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HART’S Story: Meet the Founder – Q & A with Lloyd Cenaiko

In 1994, I transitioned from commercial real estate development to relief aid work. I couldn’t have been further out of my comfort zone!

Lloyd with orphans evacuated from war zones

For twenty-eight years, HART has been focused on empowering and equipping National churches in Eastern Europe. HART’s model is working through partnerships, incorporating a holistic approach to missions and relief aid, and is impacting thousands of people each year.
What’s your background?
A: I grew up in small-town Saskatchewan, Canada, received degrees (B.Sc. and B.Ed.) from the University of Saskatchewan in Saskatoon and taught school for several years. Although I loved the kids and teaching, my entrepreneurial spirit was more inclined to flourish in the business world. The next 14 years of my life were spent as a business owner and real estate developer in Canada and the USA.
What was the genesis of HART and your work in Eastern Europe?
A: It began in 1994 when I accompanied my parents on a trip to Ukraine. My father wanted to visit the village where he was born and meet our Ukrainian relatives. I have always been a history buff, and I thought this would be an interesting time to travel to Eastern Europe. Communism had imploded in 1991. Ukraine was now an independent country, and I’d always been curious about my ancestral roots. My grandfather’s life was a fascinating and difficult story culminating in him bringing his family (including my father) to Canada in the late 1920s. He left a brother and sister in Ukraine, and it was the descendants of these relatives we were to meet. I was eager to hear their stories about life under communism and now independence.
What were your impressions of Ukraine?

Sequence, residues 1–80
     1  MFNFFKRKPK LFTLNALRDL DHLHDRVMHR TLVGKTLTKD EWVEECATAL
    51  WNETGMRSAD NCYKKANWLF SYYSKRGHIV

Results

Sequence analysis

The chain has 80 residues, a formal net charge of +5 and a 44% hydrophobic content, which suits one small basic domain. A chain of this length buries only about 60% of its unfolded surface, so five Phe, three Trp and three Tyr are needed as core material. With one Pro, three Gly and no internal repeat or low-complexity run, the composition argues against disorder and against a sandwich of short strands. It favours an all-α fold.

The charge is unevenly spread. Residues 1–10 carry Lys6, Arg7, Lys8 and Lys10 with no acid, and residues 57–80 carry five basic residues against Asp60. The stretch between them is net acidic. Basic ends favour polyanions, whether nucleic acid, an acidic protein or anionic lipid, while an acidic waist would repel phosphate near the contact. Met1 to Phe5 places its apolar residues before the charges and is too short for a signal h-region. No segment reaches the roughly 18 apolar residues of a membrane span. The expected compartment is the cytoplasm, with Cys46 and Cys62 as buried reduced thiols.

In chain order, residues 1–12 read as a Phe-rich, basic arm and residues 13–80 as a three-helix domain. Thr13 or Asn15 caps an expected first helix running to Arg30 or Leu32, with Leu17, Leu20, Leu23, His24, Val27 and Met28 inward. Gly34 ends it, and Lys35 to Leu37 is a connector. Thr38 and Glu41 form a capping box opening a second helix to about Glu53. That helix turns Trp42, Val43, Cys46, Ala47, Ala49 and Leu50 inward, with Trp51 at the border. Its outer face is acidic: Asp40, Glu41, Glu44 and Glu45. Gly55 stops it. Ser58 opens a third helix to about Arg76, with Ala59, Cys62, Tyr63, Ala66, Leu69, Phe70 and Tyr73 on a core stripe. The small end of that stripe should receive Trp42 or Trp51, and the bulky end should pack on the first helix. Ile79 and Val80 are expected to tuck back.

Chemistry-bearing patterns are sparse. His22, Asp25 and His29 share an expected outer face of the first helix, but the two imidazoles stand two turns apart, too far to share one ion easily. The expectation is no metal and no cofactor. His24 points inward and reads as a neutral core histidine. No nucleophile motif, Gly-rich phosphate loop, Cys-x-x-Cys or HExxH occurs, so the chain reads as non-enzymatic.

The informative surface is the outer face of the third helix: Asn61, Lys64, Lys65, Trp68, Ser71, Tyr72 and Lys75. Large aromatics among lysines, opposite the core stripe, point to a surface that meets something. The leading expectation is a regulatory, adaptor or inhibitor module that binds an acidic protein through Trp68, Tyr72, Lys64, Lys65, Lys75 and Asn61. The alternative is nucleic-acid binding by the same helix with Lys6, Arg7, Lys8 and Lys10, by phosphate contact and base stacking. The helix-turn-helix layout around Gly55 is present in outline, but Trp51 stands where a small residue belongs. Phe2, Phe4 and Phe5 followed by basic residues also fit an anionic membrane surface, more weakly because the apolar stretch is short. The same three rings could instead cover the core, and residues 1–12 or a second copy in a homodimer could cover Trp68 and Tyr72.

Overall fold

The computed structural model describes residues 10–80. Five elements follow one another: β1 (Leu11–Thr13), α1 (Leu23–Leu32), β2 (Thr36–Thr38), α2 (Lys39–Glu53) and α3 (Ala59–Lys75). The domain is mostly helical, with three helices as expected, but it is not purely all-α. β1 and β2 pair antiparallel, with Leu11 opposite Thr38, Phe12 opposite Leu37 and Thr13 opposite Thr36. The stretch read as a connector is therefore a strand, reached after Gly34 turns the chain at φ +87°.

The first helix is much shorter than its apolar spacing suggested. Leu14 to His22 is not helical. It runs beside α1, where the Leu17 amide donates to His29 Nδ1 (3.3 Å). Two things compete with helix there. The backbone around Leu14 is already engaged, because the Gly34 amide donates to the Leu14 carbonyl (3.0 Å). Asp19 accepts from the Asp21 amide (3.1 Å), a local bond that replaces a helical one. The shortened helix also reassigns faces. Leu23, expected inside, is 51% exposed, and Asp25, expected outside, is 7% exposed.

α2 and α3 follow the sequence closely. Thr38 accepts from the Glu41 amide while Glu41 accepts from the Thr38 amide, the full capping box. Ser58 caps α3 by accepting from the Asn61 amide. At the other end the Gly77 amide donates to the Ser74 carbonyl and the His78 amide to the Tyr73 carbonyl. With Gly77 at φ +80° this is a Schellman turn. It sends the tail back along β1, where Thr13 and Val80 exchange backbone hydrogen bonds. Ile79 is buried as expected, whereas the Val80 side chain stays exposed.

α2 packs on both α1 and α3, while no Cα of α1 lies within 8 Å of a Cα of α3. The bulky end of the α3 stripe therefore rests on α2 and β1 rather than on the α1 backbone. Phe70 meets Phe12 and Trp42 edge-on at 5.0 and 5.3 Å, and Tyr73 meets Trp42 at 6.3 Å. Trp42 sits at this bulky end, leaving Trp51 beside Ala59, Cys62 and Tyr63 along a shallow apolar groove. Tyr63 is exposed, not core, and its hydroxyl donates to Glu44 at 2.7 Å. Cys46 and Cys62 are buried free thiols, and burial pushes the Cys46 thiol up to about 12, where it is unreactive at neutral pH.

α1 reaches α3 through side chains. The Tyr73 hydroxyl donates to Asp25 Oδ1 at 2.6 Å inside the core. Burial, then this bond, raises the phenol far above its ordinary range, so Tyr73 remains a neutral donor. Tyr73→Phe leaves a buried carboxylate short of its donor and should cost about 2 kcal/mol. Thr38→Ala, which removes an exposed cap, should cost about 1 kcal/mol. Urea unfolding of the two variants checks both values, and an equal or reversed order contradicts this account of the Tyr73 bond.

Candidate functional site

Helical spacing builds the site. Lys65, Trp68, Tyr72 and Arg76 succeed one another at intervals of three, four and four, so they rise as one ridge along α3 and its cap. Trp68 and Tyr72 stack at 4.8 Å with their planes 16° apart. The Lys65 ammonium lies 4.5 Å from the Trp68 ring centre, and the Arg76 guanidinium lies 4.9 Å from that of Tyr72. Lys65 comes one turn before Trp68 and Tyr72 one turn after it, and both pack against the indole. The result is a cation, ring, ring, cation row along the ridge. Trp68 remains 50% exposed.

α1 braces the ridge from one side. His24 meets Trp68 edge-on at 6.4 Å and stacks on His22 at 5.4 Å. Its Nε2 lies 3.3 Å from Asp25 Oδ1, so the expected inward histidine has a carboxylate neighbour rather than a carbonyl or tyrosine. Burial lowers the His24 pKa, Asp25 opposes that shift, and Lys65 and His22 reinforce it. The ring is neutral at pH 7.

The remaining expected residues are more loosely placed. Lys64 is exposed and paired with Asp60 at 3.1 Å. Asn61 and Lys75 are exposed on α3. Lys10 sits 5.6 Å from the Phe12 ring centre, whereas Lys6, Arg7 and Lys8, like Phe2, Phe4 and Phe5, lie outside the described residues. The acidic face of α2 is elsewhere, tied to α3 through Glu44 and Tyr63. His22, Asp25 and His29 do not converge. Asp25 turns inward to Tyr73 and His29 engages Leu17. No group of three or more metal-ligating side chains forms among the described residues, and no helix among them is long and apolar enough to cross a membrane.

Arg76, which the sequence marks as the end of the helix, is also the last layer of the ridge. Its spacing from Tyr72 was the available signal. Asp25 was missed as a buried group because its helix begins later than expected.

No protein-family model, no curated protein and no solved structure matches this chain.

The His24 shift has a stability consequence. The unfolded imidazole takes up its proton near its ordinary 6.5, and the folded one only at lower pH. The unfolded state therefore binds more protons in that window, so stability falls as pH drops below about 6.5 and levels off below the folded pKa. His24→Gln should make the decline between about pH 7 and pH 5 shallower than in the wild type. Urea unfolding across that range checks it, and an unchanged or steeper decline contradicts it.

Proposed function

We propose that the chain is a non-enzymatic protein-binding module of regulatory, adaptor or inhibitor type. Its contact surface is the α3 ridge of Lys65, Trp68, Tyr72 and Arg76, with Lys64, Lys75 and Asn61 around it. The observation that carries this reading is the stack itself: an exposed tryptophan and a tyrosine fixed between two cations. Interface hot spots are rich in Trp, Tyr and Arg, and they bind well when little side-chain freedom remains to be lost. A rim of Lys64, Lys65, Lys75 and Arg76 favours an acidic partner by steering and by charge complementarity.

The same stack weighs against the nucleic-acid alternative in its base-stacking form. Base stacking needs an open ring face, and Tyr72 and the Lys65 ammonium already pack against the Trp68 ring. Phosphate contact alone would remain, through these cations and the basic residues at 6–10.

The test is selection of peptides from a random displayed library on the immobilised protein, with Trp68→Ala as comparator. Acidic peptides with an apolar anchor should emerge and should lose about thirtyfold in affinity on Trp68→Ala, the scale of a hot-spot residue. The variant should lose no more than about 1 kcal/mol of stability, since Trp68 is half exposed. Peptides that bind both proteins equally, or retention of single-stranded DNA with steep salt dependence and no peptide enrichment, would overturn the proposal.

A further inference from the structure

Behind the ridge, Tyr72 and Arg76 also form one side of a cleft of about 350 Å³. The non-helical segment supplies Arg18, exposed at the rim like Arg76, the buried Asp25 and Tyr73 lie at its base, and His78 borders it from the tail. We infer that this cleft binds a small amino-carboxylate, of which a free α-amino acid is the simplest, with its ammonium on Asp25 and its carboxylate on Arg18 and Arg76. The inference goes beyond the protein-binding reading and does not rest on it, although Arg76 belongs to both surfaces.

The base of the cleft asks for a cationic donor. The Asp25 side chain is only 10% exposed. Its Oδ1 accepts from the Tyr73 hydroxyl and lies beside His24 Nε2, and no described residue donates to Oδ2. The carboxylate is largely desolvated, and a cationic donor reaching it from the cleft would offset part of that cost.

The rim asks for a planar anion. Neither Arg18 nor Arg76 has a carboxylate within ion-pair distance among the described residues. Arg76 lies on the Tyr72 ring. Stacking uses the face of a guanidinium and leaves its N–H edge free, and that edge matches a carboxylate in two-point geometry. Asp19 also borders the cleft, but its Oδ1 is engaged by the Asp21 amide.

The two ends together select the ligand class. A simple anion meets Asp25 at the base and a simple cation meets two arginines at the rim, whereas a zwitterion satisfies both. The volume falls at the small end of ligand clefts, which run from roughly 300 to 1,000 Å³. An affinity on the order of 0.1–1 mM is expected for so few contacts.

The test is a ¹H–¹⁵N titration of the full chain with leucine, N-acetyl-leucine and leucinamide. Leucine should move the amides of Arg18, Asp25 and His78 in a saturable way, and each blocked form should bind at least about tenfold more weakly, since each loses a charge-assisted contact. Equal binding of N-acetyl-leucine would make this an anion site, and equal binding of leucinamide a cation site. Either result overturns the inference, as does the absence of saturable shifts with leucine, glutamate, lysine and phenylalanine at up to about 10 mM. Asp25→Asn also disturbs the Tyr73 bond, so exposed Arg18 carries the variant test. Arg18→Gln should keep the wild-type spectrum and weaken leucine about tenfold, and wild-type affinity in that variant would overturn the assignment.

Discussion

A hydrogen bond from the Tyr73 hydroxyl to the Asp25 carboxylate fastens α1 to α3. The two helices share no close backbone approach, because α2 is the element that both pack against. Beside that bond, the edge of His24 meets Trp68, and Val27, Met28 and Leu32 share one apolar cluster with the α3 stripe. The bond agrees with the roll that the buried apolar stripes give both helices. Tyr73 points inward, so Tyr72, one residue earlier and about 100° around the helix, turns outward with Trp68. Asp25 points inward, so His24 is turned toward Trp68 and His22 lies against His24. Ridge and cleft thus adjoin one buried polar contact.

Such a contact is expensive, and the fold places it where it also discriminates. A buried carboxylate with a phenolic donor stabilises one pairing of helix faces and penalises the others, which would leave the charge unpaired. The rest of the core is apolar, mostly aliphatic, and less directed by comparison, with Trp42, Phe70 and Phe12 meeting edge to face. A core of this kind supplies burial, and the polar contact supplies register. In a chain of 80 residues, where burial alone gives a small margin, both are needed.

A: Throughout the trip, I found myself astonished and deeply troubled by the poverty and despair I witnessed. Often through tears hidden behind a camera, I captured the harshness of life in rural Ukraine while visiting our relatives’ villages. And yet, despite their poverty, they were the most gracious, kind, and generous people. In stunningly short order, I came to the realization that I had won the lottery – to have been born and raised in Canada. And I’d not done anything to deserve it.
What happened next?
A: As I flew back to Canada, I knew that I needed to do something or be a part of something that would help the people of Ukraine. Although I didn’t know what that looked like, I felt I had an obligation, perhaps born out of my newfound gratitude, to try and make a difference in this part of the world.
What did this process look like?
A: I experienced one of those “fork in the road” decisions. I could choose to continue my real estate career and live a comfortable upper-middle-class life. Or alternatively, go off on a journey into completely uncharted waters doing relief aid and development work, something I had virtually no experience in. I couldn’t have been further out of my comfort zone! But I somehow felt this is where I needed to be. So, in 1994-1995 I transitioned from the corporate world to the relief aid world.
So, how was HART born?